Roth Conversion Implications for New York State Residents

Roth Conversion Implications for New York State Residents
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A Roth individual retirement account (IRA) allows you to accumulate investment returns on a tax-free basis. You can convert a traditional IRA to a Roth IRA and later take tax-free distributions without worrying about IRS rules. However, there is one caveat: You have to pay federal and state taxes when you convert.

New York State Rules

New York's tax laws conform to the federal laws pertaining to Roth IRA conversion. As such, residents and non-residents who convert to the Roth must report the conversion amount as part of adjusted gross income (AGI), which will be taxed at the account owner's income tax rate. You can recognize the entire conversion immediately. Of course, you'll want to know the allowances and limitations of age and income.

Pension Exclusion NYS

If you're at least age ​59 1/2,​ New York allows you to exclude up to ​$20,000​ in total pension or annuity conversion income, explains the New York State Department of Taxation and Finance. Because your total conversion is added to your income – even if you didn't take a distribution – this means that you'll save income taxes on ​$20,000​ of your conversion. You can also use the ​$20,000​ NYS pension exclusion if you're age 59 1/2 and plan to take a distribution instead.

Types of Rollovers

You can convert a traditional IRA to a Roth IRA in one of three ways. The most common way is called the "rollover." You'll receive a distribution from the traditional account and deposit the funds into a new Roth IRA within ​60 days​. Be forewarned: If you don't complete the transfer within ​60 days​, you'll have to pay a ​10 percent​ penalty when you report it on your tax return.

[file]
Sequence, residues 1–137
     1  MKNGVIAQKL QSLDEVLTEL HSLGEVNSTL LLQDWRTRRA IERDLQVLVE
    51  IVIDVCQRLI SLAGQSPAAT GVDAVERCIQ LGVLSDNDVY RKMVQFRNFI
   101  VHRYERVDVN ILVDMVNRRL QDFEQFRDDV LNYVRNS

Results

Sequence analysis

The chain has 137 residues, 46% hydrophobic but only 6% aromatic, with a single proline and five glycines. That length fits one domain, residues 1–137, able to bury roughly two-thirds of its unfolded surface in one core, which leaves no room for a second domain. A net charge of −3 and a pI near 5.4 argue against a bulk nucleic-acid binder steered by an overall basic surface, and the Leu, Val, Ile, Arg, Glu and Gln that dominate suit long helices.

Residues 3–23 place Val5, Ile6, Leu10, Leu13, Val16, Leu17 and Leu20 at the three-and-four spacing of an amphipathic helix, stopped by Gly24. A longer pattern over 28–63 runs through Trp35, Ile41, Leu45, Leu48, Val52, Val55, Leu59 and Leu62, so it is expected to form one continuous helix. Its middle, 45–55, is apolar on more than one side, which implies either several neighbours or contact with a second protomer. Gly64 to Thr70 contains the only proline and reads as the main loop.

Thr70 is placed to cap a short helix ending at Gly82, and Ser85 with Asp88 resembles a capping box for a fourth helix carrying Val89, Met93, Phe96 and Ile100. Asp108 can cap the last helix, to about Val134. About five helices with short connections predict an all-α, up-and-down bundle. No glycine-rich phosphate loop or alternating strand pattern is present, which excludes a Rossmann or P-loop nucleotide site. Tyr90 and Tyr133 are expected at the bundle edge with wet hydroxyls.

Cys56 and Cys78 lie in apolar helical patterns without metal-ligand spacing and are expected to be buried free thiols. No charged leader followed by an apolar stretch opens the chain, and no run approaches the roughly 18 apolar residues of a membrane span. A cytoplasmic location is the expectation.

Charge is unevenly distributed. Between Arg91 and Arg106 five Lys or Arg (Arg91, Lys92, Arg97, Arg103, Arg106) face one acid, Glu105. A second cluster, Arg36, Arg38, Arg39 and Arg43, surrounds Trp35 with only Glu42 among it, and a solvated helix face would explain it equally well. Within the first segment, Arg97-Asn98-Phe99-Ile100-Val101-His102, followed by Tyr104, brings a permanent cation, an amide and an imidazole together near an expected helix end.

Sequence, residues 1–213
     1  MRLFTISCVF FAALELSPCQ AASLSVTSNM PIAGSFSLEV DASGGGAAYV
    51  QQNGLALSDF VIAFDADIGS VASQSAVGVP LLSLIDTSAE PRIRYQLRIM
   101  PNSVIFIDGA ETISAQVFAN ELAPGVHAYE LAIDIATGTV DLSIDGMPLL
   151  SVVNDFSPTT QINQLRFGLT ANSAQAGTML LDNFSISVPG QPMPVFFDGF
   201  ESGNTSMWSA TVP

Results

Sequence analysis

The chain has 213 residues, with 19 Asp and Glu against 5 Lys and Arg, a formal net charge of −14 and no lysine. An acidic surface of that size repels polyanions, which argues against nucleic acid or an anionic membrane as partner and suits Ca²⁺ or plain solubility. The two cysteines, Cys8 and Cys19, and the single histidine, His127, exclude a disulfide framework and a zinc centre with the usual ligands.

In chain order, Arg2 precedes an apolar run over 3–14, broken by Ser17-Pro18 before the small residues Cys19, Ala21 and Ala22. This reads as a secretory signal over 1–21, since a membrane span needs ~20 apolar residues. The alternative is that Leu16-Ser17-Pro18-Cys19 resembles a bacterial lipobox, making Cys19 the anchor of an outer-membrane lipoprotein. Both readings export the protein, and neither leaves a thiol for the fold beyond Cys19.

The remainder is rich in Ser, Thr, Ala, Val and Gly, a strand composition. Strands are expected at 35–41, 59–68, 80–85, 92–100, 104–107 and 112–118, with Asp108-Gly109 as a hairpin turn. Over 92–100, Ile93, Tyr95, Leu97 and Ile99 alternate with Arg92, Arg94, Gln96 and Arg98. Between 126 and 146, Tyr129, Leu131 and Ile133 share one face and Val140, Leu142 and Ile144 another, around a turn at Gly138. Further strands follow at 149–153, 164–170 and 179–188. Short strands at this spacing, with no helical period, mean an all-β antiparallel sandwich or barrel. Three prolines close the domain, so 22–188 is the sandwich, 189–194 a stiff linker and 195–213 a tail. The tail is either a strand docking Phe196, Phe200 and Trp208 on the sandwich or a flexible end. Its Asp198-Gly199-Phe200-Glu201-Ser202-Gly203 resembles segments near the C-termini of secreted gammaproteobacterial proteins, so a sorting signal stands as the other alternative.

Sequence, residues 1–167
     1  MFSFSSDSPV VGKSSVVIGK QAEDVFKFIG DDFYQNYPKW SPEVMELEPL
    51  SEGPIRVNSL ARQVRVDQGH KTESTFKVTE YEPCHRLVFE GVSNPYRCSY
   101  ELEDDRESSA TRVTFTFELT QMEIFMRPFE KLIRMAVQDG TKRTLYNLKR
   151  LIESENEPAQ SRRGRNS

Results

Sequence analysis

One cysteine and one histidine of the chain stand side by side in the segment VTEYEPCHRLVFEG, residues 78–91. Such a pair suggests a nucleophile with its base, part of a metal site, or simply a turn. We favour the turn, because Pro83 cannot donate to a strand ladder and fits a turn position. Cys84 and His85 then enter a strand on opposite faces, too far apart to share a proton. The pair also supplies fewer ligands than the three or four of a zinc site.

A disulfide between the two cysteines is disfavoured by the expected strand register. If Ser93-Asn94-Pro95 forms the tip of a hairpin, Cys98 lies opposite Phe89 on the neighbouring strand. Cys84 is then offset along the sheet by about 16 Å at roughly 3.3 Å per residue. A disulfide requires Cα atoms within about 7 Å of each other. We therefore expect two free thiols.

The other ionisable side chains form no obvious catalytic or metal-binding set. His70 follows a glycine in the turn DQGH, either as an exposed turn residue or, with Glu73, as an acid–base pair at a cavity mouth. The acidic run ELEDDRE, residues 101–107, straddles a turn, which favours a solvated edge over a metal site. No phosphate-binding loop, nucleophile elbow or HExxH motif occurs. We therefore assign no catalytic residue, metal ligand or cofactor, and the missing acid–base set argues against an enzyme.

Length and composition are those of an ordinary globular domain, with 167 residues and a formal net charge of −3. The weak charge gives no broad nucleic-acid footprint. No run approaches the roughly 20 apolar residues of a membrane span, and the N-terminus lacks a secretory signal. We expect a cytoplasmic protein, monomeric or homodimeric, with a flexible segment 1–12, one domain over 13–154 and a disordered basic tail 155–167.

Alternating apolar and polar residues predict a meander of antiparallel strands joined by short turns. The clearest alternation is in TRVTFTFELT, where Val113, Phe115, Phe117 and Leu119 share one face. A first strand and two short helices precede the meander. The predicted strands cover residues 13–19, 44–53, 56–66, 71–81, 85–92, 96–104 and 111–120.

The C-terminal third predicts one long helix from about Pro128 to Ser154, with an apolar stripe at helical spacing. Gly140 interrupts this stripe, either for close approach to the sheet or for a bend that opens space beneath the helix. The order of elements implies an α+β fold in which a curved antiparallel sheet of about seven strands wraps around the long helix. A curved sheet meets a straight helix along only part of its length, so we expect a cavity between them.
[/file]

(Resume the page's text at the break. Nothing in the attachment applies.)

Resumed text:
You can also perform a trustee to trustee transfer or a same trustee transfer if your IRA funds are in a trust. Regardless of how the funds are rolled over, you'll have to pay conversion taxes to both New York State and the federal government.

Federal Roth IRA Rules

While there aren't new Roth conversion rules to follow, you should be aware of how you can contribute to the account moving forward. For example, the IRS says you can only contribute ​$6,000​ annually, or ​$7,000​ if you're older than age 50 in 2022, so you'll want to keep this in mind when making contributions after the rollover. Plus, while Wells Fargo says the income restrictions don't apply for the rollover, your income and filing status will determine whether you can contribute – and how much – moving forward.

According to the IRS, if you're married, file your income taxes jointly and want to contribute to a Roth, your AGI cannot exceed ​$204,000​ for you to be eligible to fully contribute to the Roth IRA. If your AGI is greater than ​$204,000 but less than $214,000​ you can contribute a reduced amount. Any couple filing jointly, making over ​$214,000​ cannot contribute.

For individuals filing as single or head of household and those married filing separately, your AGI cannot exceed ​$129,000​ if you want to contribute the max. If the AGI is between ​$129,000 and $144,000​ then the amount allowed in contributions is reduced. When the AGI is over ​$144,000​, the allowed contributions is reduced to ​zero​.